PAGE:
But of course, there's no one to blame but himself. We sort of made that point back in season 1 where this deus ex machina was presented to him in the form of his former lab partner who's now a very rich man, who says, "I'll pay for your cancer treatment, I'll give you a job, you'll have a lot of money coming in, no strings attached." And Walt's pride kept him from doing that. So this is a man who has made his own bed very clearly, and at a certain point, perhaps all that's left is our grudging respect for his endless ability to unpaint himself from these corners he finds himself painted into.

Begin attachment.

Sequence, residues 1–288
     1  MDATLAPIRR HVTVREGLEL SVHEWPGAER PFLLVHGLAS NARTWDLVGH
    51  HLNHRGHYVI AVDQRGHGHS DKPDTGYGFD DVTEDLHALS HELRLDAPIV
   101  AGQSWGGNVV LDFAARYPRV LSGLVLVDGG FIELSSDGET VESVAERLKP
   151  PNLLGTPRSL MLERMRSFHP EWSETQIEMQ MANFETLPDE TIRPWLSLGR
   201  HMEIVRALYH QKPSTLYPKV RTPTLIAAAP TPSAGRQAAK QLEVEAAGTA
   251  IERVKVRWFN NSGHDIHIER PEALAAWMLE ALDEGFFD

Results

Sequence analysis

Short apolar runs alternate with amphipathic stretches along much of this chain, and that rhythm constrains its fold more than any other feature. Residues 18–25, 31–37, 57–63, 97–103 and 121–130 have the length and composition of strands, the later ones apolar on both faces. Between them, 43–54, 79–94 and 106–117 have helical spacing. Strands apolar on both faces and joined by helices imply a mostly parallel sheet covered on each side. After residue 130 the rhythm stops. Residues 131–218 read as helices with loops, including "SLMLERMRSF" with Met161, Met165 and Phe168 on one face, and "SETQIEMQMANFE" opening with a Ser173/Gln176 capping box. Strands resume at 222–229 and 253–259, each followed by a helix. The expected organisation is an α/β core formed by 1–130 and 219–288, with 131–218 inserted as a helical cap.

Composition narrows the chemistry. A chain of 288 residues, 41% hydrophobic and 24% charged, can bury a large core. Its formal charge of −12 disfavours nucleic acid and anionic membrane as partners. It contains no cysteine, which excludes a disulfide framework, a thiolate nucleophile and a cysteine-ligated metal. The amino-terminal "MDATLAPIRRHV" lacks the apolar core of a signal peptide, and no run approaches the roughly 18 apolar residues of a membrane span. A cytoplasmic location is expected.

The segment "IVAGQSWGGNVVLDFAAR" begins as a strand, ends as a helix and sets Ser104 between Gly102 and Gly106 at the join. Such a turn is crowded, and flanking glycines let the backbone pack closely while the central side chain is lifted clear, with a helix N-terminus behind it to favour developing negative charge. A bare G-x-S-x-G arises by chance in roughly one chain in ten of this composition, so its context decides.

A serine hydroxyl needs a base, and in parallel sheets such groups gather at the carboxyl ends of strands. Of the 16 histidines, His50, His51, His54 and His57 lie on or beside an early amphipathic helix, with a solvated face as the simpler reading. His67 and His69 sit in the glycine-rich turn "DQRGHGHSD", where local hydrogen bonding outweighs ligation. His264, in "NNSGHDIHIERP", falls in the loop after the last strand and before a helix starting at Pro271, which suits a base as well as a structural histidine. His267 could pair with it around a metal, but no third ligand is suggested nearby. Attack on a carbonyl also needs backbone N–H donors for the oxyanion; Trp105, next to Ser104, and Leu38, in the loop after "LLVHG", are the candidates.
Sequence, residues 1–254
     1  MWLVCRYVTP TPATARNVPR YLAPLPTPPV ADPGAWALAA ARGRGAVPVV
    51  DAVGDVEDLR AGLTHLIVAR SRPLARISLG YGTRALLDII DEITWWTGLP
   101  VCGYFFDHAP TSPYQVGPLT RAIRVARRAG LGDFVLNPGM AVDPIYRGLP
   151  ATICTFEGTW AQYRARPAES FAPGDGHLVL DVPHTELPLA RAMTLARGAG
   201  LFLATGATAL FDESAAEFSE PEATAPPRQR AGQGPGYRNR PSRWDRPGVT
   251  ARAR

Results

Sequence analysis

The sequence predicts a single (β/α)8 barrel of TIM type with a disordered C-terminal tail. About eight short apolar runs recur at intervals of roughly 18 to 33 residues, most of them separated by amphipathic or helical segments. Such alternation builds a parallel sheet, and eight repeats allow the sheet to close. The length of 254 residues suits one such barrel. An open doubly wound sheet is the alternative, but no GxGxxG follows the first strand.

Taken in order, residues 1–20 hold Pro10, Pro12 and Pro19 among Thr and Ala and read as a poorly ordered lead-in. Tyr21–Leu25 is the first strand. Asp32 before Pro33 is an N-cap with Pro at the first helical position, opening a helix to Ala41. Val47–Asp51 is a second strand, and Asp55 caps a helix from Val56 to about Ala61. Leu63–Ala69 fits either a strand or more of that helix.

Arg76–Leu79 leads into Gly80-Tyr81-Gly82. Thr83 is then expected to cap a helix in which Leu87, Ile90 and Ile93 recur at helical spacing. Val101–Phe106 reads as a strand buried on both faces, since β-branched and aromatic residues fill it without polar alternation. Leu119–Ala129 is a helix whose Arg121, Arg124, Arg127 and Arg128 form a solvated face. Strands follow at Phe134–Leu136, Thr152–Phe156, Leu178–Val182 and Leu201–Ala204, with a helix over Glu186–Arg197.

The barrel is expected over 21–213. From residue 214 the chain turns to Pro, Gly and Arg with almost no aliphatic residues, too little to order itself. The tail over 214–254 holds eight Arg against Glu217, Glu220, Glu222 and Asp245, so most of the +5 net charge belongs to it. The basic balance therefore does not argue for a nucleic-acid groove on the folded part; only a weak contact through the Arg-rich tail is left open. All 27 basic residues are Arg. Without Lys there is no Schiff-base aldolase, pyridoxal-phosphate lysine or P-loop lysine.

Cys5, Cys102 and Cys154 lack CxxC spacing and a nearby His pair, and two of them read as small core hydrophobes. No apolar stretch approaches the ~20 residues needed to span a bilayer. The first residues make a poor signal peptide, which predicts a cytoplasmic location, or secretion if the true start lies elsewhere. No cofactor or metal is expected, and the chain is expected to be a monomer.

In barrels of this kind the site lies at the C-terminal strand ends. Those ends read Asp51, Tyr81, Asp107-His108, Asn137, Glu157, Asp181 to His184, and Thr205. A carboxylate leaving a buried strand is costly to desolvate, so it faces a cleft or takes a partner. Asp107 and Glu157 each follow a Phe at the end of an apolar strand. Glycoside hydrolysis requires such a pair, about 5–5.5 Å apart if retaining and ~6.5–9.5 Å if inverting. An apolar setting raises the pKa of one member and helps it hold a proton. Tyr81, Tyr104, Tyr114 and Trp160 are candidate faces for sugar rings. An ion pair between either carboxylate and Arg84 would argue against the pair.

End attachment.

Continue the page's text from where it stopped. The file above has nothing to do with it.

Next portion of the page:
man this show is driviing me f'in crazy. its been great ever since end of S1, especially when things were going good for them, but the stupidity of Walt especially in relation to Jesse is f'in killing me hearing Walt cry and woe is me about his situation is so f'in dumb when he's the idiot that brought it ALL on himself. he could had been cooking meth working for Gus with no issues making his millions ez, but that dumbass had to stay loyal to that fukk up meth head with all kinds of issues. they need to chop off some of Jesse's fingers or one of his ears, maybe get some prison dude to rape him, or something real painful, i'm really hoping something real bad happens to hiim at this point....can't stand seeing main characters act so dumb and implode like this i'm at S4 episode 4 and i'm so pissed at the stupidity, especially of Walt, it just kills me at how dumb he is crying to Saul about all of the issues he brought on himself. dumbass mf'er